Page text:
KHN Morning Briefing

Summaries of health policy coverage from major news organizations

What Would A Mandate Delay Mean For Insurers, The Health Law

As talk continues over possibly putting off parts of the health law, news outlets look at what delaying the mandate that nearly all Americans have health insurance could do to insurers and just how smart the move really would be -- despite the seemingly good politics of a delay.

Marketplace: Delaying Obamacare: How Do Insurers Feel? 
As continues to frustrate, the chorus calling for delay of the Affordable Care Act is growing. A handful of Senate Democrats have joined Republican calls to hold off on the individual mandate (the part of the law that fines people who don't get insurance). But a delay would be trouble for health insurance companies. ... The insurance companies set their premiums based on one set of rules: rules in which everyone without insurance has to sign up. But, if those rules change, and people don’t have to get health insurance right away, says [Bradley Herring, a professor of health economics at the Johns Hopkins Bloomberg School of Public Health], "then they are kind of left holding the bag" (Hill, 10/28). 

McClatchy: Critics Point To Drawbacks In Changing Health Law Deadline, 'Individual Mandate'
Extending the Affordable Care Act's March 31 open enrollment deadline has become a familiar plea for congressional Democrats frustrated with the poor performance of the federal insurance marketplace. Republicans on Capitol Hill want to go even farther and waive the health law's "individual mandate," which requires most Americans to have coverage in 2014 or face a fine. While both consumer-friendly fixes make for good politics, neither proposal is as simple or as smart as it sounds, according to experts (Pugh, 10/28).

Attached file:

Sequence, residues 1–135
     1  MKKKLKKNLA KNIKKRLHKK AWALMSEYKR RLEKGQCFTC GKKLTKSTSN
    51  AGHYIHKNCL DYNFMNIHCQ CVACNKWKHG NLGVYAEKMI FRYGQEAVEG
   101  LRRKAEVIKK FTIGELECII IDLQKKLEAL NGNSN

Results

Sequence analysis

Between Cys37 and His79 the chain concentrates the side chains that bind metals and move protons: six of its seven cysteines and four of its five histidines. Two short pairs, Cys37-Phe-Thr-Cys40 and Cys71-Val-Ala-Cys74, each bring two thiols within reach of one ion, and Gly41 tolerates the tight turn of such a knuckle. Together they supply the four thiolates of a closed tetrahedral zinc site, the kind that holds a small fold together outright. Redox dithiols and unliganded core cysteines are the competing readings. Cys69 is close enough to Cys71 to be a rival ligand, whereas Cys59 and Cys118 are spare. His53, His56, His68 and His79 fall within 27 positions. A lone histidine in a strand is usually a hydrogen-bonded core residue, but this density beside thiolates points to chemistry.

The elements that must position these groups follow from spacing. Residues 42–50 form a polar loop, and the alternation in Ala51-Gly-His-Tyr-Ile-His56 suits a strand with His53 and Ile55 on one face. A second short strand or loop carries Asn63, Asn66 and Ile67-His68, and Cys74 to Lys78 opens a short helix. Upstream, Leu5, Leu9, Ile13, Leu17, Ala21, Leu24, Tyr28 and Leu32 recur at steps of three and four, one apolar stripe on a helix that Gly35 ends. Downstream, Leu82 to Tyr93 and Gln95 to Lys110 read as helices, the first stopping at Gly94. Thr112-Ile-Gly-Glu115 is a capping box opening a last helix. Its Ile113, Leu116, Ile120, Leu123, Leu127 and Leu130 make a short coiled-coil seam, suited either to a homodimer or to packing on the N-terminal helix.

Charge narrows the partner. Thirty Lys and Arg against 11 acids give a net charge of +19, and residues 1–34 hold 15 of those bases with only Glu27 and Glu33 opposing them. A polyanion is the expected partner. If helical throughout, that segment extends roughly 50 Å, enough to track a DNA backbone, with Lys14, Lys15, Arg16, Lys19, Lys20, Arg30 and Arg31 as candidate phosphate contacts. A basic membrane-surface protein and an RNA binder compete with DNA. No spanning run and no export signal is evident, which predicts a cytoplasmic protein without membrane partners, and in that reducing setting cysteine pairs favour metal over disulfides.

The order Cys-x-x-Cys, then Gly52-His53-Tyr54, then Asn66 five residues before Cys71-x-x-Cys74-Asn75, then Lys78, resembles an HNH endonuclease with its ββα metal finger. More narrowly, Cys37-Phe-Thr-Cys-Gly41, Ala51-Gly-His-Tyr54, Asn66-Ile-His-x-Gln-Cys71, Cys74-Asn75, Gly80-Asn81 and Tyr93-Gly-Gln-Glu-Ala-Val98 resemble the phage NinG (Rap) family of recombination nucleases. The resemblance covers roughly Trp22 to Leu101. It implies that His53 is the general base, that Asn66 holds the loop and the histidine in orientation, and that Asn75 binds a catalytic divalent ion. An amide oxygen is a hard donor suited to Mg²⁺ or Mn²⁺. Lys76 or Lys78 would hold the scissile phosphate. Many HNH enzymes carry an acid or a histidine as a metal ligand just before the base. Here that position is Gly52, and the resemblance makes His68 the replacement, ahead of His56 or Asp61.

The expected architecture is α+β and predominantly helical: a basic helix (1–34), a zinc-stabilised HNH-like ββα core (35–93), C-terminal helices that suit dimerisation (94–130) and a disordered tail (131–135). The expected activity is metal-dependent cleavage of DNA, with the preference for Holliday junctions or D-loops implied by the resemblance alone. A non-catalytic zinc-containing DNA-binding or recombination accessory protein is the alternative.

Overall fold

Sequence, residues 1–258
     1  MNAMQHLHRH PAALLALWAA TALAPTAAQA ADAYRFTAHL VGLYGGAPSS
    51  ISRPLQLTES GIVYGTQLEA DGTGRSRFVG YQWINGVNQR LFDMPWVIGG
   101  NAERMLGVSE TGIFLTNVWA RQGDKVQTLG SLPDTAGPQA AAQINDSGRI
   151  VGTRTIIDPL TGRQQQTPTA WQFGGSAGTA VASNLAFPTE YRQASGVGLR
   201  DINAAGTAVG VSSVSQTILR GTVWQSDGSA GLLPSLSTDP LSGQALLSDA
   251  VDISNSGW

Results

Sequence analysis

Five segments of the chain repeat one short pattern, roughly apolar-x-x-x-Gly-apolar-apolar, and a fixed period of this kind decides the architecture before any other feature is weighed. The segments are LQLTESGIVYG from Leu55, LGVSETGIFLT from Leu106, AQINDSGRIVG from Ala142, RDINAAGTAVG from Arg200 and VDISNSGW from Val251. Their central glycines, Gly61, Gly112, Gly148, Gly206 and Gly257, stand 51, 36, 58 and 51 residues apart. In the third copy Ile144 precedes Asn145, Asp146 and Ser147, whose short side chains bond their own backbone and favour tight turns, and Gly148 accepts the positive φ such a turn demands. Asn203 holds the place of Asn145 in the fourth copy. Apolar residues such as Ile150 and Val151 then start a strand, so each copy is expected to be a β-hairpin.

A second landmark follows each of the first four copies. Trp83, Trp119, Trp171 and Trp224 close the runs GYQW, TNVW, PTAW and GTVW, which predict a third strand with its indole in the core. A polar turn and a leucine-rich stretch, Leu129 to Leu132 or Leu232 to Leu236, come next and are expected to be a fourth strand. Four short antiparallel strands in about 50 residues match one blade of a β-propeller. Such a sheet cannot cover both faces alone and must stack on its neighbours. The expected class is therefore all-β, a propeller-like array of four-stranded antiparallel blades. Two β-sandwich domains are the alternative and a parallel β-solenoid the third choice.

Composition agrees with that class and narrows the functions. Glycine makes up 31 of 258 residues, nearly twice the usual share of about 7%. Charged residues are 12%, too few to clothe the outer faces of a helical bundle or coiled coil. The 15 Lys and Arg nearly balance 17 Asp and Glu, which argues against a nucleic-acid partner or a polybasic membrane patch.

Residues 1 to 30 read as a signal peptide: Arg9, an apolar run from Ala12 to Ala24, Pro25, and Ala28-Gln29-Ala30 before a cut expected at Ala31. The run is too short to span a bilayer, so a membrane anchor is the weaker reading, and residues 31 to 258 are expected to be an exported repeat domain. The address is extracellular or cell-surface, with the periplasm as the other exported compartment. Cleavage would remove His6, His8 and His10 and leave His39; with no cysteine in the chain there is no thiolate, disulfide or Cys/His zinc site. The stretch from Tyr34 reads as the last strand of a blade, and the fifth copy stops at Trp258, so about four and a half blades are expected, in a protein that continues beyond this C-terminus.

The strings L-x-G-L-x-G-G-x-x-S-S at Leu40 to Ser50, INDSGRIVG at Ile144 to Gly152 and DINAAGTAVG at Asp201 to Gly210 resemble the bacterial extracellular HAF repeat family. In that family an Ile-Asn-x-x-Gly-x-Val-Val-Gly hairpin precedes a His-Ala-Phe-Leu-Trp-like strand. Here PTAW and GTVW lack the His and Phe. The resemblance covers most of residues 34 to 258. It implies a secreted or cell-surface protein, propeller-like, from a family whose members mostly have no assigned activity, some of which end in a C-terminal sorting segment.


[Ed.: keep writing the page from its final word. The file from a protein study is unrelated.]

On the topic of enrolling young people --

PBS NewsHour: Will Health Care Premiums Be Affordable For Young People? White House Says Yes
White House and insurance industry officials are counting on relatively healthy young population to help share the costs of older Americans with pre-existing conditions. The law will ban insurance companies from charging the latter significantly higher premiums, making cost-sharing with a wider group of people crucial. But some analysts said that insurance plans wouldn't be cheap enough for young adults, that the fine would be more attractive, and the entire scheme would fall apart (Kane, 10/28).

And, in other implementation news --

Politico: Obamacare And The Limits Of The Wayback Machine
It just means that President Barack Obama's signature health care law shouldn't be written off just yet. Everything depends on what happens in the next few months. A full recovery is possible, if the federal enrollment website stops having comical breakdowns within the next month and the rest of the implementation runs more smoothly. If that doesn't happen, none of the lessons of Medicare Part D's rollout will be able to save Obamacare (Nather, 10/29).

The Fiscal Times: Is The Embattled IRS The Next Obamacare Nightmare? 
Lurking down the road, however, could be another crisis when the IRS moves center stage in the next year or two to assume responsibility for enforcing 46 new tax-related provisions and tasks associated with Obamacare. Those include imposing new taxes on medical devices and Medicare, overseeing new itemized deductions for medical expenses, and imposing penalties on uninsured Americans who fail to purchase coverage on the new exchanges (Pianin and Ehley, 10/29).

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